True. And some of those teams include MiLB affiliates owned or partially owned by the Milwaukee Brewers, Texas Rangers and the Boston Red Sox.
Not all of the public officials concerned about contraction have bought into the MLB argument. As we’ve noted, opposing MiLB contraction has been a truly bipartisan endeavor, with U.S. senators like Elizabeth Warren (D-MA), Chuck Grassley (R-IA) and Michael Bennet (D-CO) speaking out against the MLB proposal. In addition, we’re guessing the creation of a Congressional Task Force on the subject, joined by 106 U.S. Representatives of all political stripes, was probably a surprise as well to MLB officials. Congress does have some power in this situation, with the power to limit MLB visas and remove MLB anti-trust and FLSA exemptions and protections.
In particular, presidential candidate and U.S. Senator Bernie Sanders has hammered home the need to protect MiLB teams, meeting yesterday with Burlington Bees (Low A; Midwest League) officials, fans and former players about the plan to contract the team. He went to Twitter once again to criticize the MLB plan:
— Bernie Sanders (@BernieSanders) December 14, 2019
As mayor of Burlington, Vermont, I saw what minor league baseball did for our community. It was a beautiful, beautiful thing.
Today @MLB is threatening to eliminate minor league teams in 42 communities — including here in Burlington, Iowa.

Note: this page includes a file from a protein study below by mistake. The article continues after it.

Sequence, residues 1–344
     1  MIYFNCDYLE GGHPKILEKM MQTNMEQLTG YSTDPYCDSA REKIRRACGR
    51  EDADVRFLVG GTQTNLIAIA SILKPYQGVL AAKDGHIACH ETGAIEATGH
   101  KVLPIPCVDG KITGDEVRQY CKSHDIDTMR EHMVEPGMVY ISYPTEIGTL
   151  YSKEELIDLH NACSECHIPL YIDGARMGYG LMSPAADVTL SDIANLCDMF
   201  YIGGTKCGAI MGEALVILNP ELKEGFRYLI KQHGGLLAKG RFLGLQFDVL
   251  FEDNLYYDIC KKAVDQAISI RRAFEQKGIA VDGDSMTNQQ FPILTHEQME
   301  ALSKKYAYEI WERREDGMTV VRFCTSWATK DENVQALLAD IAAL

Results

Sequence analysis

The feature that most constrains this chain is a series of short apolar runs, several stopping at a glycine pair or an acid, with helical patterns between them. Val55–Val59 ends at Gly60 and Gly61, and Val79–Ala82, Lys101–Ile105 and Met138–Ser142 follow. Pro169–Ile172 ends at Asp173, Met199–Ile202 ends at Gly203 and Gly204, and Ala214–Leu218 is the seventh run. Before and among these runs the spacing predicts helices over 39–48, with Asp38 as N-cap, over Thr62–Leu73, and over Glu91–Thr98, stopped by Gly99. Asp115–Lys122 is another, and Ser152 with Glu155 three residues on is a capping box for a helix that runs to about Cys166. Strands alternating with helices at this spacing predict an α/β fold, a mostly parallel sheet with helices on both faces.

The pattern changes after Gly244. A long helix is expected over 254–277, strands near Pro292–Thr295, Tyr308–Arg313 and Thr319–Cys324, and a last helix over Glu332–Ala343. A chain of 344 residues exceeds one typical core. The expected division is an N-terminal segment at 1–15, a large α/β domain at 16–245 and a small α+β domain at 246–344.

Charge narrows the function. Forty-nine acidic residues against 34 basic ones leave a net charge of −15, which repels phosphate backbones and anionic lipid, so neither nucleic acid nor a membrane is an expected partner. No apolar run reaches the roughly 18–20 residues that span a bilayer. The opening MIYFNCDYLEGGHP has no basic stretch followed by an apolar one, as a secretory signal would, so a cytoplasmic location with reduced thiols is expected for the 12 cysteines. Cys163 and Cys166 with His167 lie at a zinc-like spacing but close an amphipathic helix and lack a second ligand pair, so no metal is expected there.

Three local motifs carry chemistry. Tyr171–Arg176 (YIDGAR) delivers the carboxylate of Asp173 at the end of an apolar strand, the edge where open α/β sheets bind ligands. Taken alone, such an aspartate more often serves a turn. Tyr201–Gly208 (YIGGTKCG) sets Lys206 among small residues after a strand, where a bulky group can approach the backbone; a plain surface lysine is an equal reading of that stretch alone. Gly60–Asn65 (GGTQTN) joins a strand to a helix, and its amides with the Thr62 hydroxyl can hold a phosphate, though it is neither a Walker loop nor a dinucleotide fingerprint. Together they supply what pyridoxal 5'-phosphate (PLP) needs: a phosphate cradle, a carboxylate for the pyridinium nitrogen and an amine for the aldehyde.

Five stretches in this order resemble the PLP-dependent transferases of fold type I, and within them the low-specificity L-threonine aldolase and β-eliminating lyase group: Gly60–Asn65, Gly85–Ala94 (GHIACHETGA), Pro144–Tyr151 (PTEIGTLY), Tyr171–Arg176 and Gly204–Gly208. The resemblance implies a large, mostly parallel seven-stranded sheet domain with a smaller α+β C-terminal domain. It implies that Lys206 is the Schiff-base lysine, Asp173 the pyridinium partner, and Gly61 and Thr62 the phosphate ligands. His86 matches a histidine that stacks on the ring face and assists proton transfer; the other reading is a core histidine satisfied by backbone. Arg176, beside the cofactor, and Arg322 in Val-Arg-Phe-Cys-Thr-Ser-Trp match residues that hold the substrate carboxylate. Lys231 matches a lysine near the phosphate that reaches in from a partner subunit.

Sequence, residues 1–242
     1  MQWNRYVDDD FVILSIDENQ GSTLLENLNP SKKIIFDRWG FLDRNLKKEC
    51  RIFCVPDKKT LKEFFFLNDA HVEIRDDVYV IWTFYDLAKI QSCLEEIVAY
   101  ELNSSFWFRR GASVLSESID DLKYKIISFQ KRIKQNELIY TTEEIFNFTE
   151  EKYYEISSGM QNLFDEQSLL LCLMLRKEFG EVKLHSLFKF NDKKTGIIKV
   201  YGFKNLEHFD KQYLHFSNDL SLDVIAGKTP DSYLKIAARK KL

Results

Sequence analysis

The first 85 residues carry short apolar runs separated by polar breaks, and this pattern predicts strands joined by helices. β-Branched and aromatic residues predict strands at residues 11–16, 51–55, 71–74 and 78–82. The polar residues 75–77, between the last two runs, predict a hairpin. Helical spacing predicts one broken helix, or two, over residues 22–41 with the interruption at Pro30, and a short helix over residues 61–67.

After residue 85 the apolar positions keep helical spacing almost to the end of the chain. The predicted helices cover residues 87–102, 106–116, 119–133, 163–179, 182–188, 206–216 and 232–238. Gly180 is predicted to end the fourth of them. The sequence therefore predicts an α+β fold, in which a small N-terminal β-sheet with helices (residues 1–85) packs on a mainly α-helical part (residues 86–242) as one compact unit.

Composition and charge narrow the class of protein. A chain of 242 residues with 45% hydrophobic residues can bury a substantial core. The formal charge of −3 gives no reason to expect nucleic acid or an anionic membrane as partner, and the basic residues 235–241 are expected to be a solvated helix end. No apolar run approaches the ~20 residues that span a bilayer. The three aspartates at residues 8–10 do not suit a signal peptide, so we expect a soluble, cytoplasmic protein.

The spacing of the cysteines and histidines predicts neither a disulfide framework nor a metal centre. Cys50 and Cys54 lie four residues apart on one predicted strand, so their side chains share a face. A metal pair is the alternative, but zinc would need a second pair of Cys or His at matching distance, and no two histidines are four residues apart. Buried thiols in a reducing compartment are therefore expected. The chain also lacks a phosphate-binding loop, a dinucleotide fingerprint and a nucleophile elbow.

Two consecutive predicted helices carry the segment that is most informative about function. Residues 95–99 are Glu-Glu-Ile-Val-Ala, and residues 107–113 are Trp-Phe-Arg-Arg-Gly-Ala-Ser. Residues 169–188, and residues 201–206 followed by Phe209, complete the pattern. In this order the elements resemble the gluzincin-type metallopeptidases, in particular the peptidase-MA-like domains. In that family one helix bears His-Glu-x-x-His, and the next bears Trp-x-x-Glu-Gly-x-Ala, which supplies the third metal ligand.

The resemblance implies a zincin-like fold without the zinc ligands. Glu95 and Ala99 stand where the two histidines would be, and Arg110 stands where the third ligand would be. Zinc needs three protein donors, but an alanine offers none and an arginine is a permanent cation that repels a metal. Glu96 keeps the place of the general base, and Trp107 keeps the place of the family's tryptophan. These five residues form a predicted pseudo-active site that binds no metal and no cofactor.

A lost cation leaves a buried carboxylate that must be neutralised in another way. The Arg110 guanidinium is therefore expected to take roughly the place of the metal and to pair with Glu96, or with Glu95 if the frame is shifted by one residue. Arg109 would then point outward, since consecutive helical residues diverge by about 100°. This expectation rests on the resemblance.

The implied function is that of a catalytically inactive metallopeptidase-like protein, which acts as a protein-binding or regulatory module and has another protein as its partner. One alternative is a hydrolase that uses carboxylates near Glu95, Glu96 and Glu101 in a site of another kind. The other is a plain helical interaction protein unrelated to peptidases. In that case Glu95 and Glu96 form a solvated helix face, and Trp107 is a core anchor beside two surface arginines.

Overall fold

We will not let that happen. pic.twitter.com/pgAVTRoxwq
— Bernie Sanders (@BernieSanders) December 16, 2019
Also weighing in: The Reds’ Trevor Bauer:
At least Rob Manfred is trying to ruin baseball at all levels and isn’t discriminating. Something to be said for consistency, I guess. 🙄🙄 What’s your most hated Rob Manfred idea?
— Trevor Bauer (@BauerOutage) December 14, 2019
A statement issued by Minor League Baseball late Saturday was short and to the point:
MiLB agrees with MLB that contentious public statements are not conducive to the ability to conduct serious and good faith negotiations. However, as we are dealing with a matter of compelling public interest, we believe all should agree as well that accuracy in the public commentary is of the utmost importance and that the dissemination of non-conforming “information” serves no proper purpose. We sincerely hope that we can move forward with MLB in the spirit of the excellent partnership we mutually have enjoyed for so many years and reach agreement on a new Professional Baseball Agreement that is in the best interests of the game of Baseball and its future in communities across America.
After talking with MiLB and MLB folks at the Winter Meetings, it’s pretty clear that there is room for an agreement that works for all sides. (In fact, a big challenge for Manfred will be to keep his 30 owners happy; MLB owners and execs are far from unanimous in their support of the MLB plan, and behind closed doors several have expressed dismay about how PBA talks have veered so far off the rails.) What MLB is proposing goes farther than just eliminating 42 teams: it is proposing an overhaul of the player-development process that essentially eliminates entry-level ball in favor of an extra year of players under MLB control, working out in MLB camps. Working out a deal with MiLB is just the first step; we can’t wait to hear what Scott Boras has to say about the backdoor attempt to add an extra year to team control over players.
Photo of BB&T Ballpark at Historic Bowman Field courtesy of the Williamsport Crosscutters. The Crosscutters are one of the teams proposed for contraction.